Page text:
Hotelier and author Noel Cunningham says everyday regrets associated with drinking are a 'cancerous' thing in Irish society.
He was speaking after a global study found Irish people, above all others surveyed, regret getting drunk.
The Global Drug Survey found, on average, respondents from Ireland felt the most regret - while those from Denmark had the fewest regrets.
It examined data from 32,022 people in 22 countries, with 28.4% of Irish people saying they regret after drinking.
The top reasons for regret include drinking too much too quickly, being with big drinkers, taking other drugs and starting to drink earlier.
Hotelier Noel Cunningham, who is a recovering alcoholic, told The Hard Shoulder drinking can lead to real problems.
"Maybe I am not not the right person to answer, because my journey with drink has been traumatic insofar as I'm a recovering alcoholic.
"And I speak openly about it, because I hope in doing so it helps others too.
"We start our drinking life kind of puritively and behind, perhaps, our parents back and thus we progress.
"And along the way there are several regrets - several days of regrets and several mornings of regrets - and yet we don't seem t learn from it.
"And then in some cases, like myself, you end up with a real problem.
"But generally in our country, our relationship with alcohol is an unhealthy one."
Noel says he always had regrets when he drank.
"Absolutely - and in order to get on a path to recovery, and to live in recovery, you still have to revisit those regrets - and put them hopefully in the place they belong.
"There isn't a person in Ireland... everybody I know, at some stage, says 'I wish I hadn't done that'.
"But then we forget the very negative aspect of the drinking.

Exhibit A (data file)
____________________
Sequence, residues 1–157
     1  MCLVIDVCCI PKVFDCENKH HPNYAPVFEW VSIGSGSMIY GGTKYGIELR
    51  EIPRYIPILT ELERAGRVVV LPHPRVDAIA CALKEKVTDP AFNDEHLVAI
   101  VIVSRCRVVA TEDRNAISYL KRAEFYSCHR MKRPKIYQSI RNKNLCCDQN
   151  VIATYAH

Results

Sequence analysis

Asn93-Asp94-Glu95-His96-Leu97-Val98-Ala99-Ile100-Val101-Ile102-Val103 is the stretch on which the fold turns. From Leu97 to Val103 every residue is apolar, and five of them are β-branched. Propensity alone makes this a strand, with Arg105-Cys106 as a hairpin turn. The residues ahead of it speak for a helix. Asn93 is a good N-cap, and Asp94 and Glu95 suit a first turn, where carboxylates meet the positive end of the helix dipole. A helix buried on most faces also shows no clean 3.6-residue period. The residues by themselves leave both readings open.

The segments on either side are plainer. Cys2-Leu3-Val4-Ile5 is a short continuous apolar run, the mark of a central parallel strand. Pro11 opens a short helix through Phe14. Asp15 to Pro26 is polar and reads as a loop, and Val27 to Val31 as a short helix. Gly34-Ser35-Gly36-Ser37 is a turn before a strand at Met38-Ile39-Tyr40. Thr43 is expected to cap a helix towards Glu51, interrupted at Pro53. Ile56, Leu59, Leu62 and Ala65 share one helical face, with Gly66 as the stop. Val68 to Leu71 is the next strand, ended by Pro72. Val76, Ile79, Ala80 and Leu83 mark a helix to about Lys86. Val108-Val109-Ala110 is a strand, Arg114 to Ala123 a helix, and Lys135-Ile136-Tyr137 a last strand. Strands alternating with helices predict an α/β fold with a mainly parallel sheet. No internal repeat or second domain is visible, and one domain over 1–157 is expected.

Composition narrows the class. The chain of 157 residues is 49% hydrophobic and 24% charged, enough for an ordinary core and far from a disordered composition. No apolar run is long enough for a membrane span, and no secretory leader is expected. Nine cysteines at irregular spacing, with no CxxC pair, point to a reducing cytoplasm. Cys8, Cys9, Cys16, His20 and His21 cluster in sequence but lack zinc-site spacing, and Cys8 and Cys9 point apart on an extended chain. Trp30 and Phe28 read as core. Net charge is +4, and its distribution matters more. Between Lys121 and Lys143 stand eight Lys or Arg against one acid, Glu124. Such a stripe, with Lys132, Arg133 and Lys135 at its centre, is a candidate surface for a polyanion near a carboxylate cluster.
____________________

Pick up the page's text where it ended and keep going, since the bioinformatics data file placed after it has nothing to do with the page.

"The regrets about the people you hurt, the regrets about the person you hit last night, the regrets about the row you started with a group of your young friends, the regret the way you spoke to people.
"It's kind of a cancerous thing in our society that these regrets, associated with alcohol, are very much part of our everyday life".
'The be all and end all'
He says this time of year is the perfect opportunity to turn things around.
"We should maybe try to aim for a Christmas of no regrets: enjoy a drink, have a drink, but not to completely feel... that you have to go on Boxing [sic] night and drink every bar in town dry.
"Us and alcohol, it's just going to be one of those discussions that will be forever on the table.
"From my point of view, I'm always anxious that young people - if there are young people in our homes - that we kind of have a responsibility.
"No harm having a regret about having a good oul drink last night, but let's not make it the be all and the end all that those regrets are part of our every weekend of the bloody year and every celebration."
And he believes things may be starting to change - especially with younger women.
"I'm kind of leaving it to the girls, I just like the kind of mild music that's sort of beginning to sound.
"Girls and groups of young girls are going out, and somehow or other they have a healthier approach to the whole business of going out for a few drinks".
But he adds: "Lying around the streets at night, inebriated, causing fights and rows and having alcohol the beginning/end of everything: it's not cute, it's not smart, it's not clever, it's just not attractive in any way.
"And I really think that maybe the tide is beginning to turn".
Anyone affected by issues raised in this article can contact Alcoholics Anonymous on 01-842-0700, or find a list of services here